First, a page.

it's all subjective. So, the lawmakers want to write laws - laws supported by at least some mental health professionals (see Dr. Reidbord's comments) to limit firearm sales to the "mentally ill" (as defined by Dr Reidbord) - how do they do that? Simply put, they don't. Because they can't. They can't write a law that prevents a person with a "mental illness" (or disease, or issues, or whatever term you like..) from purchasing a firearm while "in a subjectively debilitating emotional state" because they would be unable to enforce it. How could they? It could easily be argued that they were not in that state at the time of purchase. Maybe they are off their meds, or their subjective state fluctuates, or they had a one time occurrence, but it has returned years later, or well, any number of possibilities, really. No, in reality, if they are going to write the law, they have write something concrete (well, as concrete as legalities allow, there always seems to be a loophole somewhere...); one that draws a line somewhere. And that somewhere will be based on diagnoses and interactions with the mental healthcare (and I used that term very loosely) system (such as 72 hour holds and emergency room judgments). In order to appear to be a concerned lawmaker, they will write broad legislation that covers everyone with the same stifling blanket. And it will be based on 'facts", like the definitions offered by NAMI and others. Because that is the only way they can, and damn the harm it causes to otherwise innocent, and non-dangerous, individuals caught up in the hysteria, and stigmatized again by a system that is supposed to be helping them.

This is why I posted the NAMI definitions in the first place: because our individual ideas and opinions on what constitutes mental illness don't matter in the grand scheme of things, but a legal definition does; and that definition will come from places like NAMI, an organization that offers an easy definition and claims some expertise on the subject of mental illness, a gift of sorts to a lawmaker that just wants to appease constituents by throwing some undesirables to the wolves. Or lions, whatever - pick your metaphor; it's all the same in the end. Someone loses. Someone suffers. And someone else is appeased.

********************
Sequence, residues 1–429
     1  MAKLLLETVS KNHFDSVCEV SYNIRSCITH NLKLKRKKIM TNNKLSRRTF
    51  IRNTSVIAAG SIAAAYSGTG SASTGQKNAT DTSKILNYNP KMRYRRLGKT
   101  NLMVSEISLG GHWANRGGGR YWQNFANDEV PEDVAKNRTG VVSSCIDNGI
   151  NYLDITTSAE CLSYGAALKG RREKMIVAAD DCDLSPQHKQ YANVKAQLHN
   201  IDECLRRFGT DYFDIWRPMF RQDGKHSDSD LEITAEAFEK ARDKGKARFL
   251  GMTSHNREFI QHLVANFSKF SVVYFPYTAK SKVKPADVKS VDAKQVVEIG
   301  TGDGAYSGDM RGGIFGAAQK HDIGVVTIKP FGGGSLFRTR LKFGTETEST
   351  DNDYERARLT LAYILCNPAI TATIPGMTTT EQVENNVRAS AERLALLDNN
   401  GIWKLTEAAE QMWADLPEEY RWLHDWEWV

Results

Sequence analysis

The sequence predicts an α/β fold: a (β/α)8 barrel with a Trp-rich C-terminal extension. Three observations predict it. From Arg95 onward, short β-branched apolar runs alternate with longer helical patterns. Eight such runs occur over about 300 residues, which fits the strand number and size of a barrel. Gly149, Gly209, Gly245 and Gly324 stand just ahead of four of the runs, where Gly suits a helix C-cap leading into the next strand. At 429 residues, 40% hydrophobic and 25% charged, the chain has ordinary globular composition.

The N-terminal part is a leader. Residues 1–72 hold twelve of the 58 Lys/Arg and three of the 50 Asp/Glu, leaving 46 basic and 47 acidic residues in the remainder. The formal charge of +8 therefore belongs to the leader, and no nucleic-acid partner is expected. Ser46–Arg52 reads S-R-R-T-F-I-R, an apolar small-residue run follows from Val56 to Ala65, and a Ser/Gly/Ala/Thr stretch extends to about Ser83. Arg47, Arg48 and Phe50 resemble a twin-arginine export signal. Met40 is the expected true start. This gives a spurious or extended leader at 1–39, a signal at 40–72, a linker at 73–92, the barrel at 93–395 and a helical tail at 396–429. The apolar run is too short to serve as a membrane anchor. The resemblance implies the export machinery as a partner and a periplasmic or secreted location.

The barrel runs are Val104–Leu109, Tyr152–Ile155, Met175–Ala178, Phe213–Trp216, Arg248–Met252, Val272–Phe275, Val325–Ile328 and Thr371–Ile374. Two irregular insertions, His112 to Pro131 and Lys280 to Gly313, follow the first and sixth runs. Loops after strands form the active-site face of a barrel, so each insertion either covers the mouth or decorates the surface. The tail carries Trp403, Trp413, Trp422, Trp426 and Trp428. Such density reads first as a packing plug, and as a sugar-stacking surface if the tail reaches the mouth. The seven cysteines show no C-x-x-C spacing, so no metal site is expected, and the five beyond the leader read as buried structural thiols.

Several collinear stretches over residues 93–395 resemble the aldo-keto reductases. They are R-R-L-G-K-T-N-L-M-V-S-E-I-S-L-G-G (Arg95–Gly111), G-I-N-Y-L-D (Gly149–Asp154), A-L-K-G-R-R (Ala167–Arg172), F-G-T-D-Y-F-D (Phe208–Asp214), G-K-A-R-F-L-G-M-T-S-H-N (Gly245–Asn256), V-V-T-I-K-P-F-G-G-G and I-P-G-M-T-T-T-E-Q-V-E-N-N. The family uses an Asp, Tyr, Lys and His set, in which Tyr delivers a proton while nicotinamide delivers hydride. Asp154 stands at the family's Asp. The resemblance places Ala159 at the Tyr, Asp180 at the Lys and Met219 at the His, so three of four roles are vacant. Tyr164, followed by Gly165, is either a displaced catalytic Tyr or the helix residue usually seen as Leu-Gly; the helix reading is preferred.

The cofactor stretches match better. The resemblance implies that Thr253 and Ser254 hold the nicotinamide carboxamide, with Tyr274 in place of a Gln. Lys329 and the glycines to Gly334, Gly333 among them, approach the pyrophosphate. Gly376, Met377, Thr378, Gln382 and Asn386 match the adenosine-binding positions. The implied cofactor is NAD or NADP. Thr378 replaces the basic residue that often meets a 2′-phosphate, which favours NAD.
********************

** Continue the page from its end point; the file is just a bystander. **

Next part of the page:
Dinah said...

Je Suis, I took down your comment, not because it was troublesome, but because you listed a "definition" of mental illness and I want to access people's beliefs and gut reactions, ... I was concerned readers would see the list and definition and it would bias the survey.

Anonymous said...

On medication for 16 years, have been hospitalized for severe depression. Have a PhD and a career and family. Still consider myself mentally ill.

EmmaM said...

THis is a really interesting survey. I have worked in MH for nearly 20 years in various social care roles as a MH social worker and now as a development officer for a small mental health charity. I have also experienced mh problems. "illness" is a medical model definition however mental health problems as I prefer to call them are not necessarily best served by the medical profession. My understandinf of how I would define someone as having a MH problems would be if the medical profession defined them as such - because they have the power to do that, The term to me is about socialisation rather than being a descriptive term for people's condition. When someone's mh interferes with someone's own perceived quality of life then it becomes a problem - if it doesn't then it is a lifestyle choice.That's not to belittle the medical interventions as I know from both personnal and professional experience how vital they are rather it highlights the difficulties that occur when we attempt to categorise someone as mentally ill

Anonymous said...

Je Suis, I agree with you that the only definition that matters is the legal definition. That's what I'm faced with now. In a little over 2 years I have to renew my drivers license. The question on the application, "Within the past two years, have you been diagnosed with, been hospitalized for or are you now receiving treatment for a psychiatric disorder?"

Apparently, I was fine when I didn't see the psychiatrist, but now that I do I'm in trouble. Two years from January I will have to answer that question which means if I don't want to lie and don't want to have to be in their government database, face an evaluation or whatever else they come up with, then I have to stop seeing the psychiatrist in January, avoid treatment for 2 years until my license is renewed.

Pseudo-Kristen

Shaughan Abbott said...

I suffer from a medical condition, called Mesial Temporal Lobe Epilepsy,caused by a stroke either in the womb,birth canal or just as I left it!This condition can easily be mistaken for schizophrenia,it wasn't actually formally diagnosed until 1999 and I am 49 yrs old. I have a co-condition which pre-disposes me to depression and anxiety, so you can understand that I had many years of misdiagnosis of my mental Health issues.